Getting World Heritage status for any of our many historic, natural and cultural sites is a major boost for the country in terms of tourist arrivals and business opportunities for the local communities
(PRWEB) April 25, 2014
Chairman of Cool Corporation and former vice president of his father’s SuperClubs chain of resorts Joe Issa, says in an interview, he is confident that Jamaica’s renowned Blue and John Crow Mountains National Park (BJCMNP) will be on UNESCO’s World Heritage List, and that this will boost the island’s tourism and provide business opportunities for the Maroons, who have occupied and preserved their way of life there, long before they were given their own lands as part of the 1739 Peace Treaty with the British.
Issa’s statements come as the World Heritage Committee on which Jamaica sits for the first time since last November, begins to evaluate the country’s nomination of the BJCMNP for inscription on the World Heritage List, according to The Gleaner newspaper.
“Getting World Heritage status for any of our many historic, natural and cultural sites is a major boost for the country in terms of tourist arrivals and business opportunities for the local communities.
“But in the case of the Blue and John Crow Mountains National Park there are strong elements of all three which make it a formidable attraction that will change the face of business in the Maroon community,” says Chairman of Cool Corporation and former vice president of his father’s SuperClubs chain of resorts, Joe Issa, in an interview.
An upbeat Issa says the BJCMNP will attract a variety of visitors for whom products, services and facilities will have to be provided.
“Like the Blue Mountains, there will be opportunities to build cabins, a visitor centre, campsites, picnic areas, hiking trails, restaurants and bars, craft shops, boutiques and public conveniences at the John Crow Mountains.
“This means income for the Maroons in that part of the Park, including farmers, labourers, skilled workers, crafts men, barbers, hairdressers, waiters, bartenders, tour guides, clerical staff, managers, entertainers, restaurant and bar operators,” says the Jamaica Observer Tourism’s Brightest Spark award winner, Issa.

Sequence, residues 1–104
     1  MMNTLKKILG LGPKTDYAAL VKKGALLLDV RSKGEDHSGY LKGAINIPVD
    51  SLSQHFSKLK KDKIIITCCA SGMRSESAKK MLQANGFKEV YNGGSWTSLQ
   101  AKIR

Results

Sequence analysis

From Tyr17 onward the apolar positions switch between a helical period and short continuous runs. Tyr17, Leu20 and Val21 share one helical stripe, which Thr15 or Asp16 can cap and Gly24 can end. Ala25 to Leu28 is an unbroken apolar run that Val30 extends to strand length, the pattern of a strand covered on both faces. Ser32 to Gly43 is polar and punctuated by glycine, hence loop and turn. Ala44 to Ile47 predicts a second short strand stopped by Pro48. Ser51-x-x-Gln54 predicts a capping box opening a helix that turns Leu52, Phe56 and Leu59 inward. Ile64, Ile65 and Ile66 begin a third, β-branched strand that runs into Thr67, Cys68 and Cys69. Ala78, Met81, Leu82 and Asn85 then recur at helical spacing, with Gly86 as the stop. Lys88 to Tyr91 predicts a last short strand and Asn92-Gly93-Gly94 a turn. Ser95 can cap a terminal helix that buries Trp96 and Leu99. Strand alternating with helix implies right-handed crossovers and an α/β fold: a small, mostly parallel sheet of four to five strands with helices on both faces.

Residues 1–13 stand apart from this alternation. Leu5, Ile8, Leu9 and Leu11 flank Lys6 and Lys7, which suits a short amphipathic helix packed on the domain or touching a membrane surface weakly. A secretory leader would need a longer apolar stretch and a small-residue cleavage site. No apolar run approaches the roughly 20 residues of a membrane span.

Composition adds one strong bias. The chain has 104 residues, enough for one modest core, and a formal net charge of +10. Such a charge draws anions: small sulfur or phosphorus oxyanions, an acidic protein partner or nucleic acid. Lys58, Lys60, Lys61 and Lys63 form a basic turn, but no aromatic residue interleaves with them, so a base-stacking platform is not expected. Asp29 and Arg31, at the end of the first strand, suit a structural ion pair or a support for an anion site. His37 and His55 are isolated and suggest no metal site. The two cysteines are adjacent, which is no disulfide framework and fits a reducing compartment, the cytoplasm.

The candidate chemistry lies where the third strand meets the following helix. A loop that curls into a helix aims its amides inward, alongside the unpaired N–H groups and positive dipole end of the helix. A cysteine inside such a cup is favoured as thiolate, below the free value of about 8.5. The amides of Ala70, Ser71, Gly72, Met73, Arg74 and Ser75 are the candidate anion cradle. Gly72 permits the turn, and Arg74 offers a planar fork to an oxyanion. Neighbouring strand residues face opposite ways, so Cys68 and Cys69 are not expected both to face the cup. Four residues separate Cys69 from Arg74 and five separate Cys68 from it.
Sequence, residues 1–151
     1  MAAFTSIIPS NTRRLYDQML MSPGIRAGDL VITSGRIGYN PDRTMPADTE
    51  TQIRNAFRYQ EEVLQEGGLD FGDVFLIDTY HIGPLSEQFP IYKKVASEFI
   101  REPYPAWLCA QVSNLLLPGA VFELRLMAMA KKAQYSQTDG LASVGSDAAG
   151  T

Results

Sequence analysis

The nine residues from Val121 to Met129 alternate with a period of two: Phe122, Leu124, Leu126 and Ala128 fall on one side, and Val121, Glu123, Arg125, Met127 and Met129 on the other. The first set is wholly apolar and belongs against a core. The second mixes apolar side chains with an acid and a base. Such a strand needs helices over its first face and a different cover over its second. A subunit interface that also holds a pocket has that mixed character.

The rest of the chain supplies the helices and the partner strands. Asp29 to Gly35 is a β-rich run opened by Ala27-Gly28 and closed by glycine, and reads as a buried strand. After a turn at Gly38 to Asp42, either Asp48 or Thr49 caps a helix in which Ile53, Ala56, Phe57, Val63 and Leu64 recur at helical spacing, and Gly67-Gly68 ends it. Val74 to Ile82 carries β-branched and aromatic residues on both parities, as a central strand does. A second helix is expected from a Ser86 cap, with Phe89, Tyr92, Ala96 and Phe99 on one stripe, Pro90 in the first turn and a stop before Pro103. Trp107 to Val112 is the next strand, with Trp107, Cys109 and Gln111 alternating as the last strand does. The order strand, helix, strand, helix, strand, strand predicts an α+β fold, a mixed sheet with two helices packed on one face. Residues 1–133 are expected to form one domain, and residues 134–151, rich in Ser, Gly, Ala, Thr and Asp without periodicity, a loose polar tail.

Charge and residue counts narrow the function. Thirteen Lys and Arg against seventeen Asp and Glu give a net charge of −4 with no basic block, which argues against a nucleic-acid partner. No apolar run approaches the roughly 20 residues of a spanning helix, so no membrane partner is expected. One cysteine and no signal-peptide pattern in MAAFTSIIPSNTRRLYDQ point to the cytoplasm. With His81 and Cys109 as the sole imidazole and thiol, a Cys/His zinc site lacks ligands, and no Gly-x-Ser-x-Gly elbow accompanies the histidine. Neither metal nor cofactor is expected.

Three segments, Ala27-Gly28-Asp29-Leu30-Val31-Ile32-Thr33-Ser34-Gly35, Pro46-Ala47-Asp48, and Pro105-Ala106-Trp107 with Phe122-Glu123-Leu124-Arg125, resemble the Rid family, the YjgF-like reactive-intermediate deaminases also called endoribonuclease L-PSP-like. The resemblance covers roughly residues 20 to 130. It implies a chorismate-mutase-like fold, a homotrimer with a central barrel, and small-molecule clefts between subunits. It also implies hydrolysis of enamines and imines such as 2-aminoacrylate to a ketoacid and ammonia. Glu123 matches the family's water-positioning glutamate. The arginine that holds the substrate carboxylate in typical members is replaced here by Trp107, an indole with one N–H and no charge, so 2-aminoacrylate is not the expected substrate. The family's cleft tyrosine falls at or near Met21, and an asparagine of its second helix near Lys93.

According to UNESCO for a site to be considered for inclusion in the World Heritage List “it must be of outstanding universal value and meet at least one out of ten selection criteria”, which include “natural and cultural”, the mix for which the Park is nominated, Executive Director of the Jamaica Conservation and Development Trust (JCDT) and Manager of BJCMNP, Dr. Susan Otuokon, confirms in an interview.
In terms of the natural factors, JCDT says “the geology, elevation, rainfall and other physical factors have resulted in very high biological diversity in the Park and it is on the WWF/IUCN (1997) List of 200 Globally Important Sites for Plant Biodiversity.”
The forests of the Park are said to be the last of two known habitats of the Giant Swallowtail Butterfly (Papilio homerus), the largest butterfly in the Western Hemisphere and that it is an important haven for many Jamaican birds, including all the endemic species such as the endangered Jamaican Blackbird (Neospar nigerrimus). It is also a winter habitat for many migratory birds.
The JCDT informs that the Park “is also a refuge for Jamaican wildlife including the Jamaican Boa (Epicrates subflavus) and the Jamaican Hutia (Geocapromys brownii), as well as being home to numerous endemic orchids, bromeliads, fern and other plants including many that are on the World Conservation Union (IUCN) Red List.”
As regards the cultural authenticity of the Windward Maroons and in particular the events and their living traditions, the JCDT says these are substantiated by numerous studies and documents, as well as UNESCO’s recognition of the Maroon Heritage of Moore Town as a “Masterpiece of the Oral and Intangible Heritage of Humanity” and is working with the Maroon Council to assist them in conserving this heritage.
In addition it says evidence of the guerrilla warfare they waged with the British militia which ended with the signing of a peace treaty in 1739 is contained in British documents and maps from the eighteenth century.
The UNESCO rules also require nominating countries to be a signatory to the World Heritage Convention, pledging to protect their natural and cultural heritage, which Jamaica has already satisfied with expenditure of some US$1.3 million between 2006 and October 2015, its website at http://www.jcdt.org.jm/projects.html informs.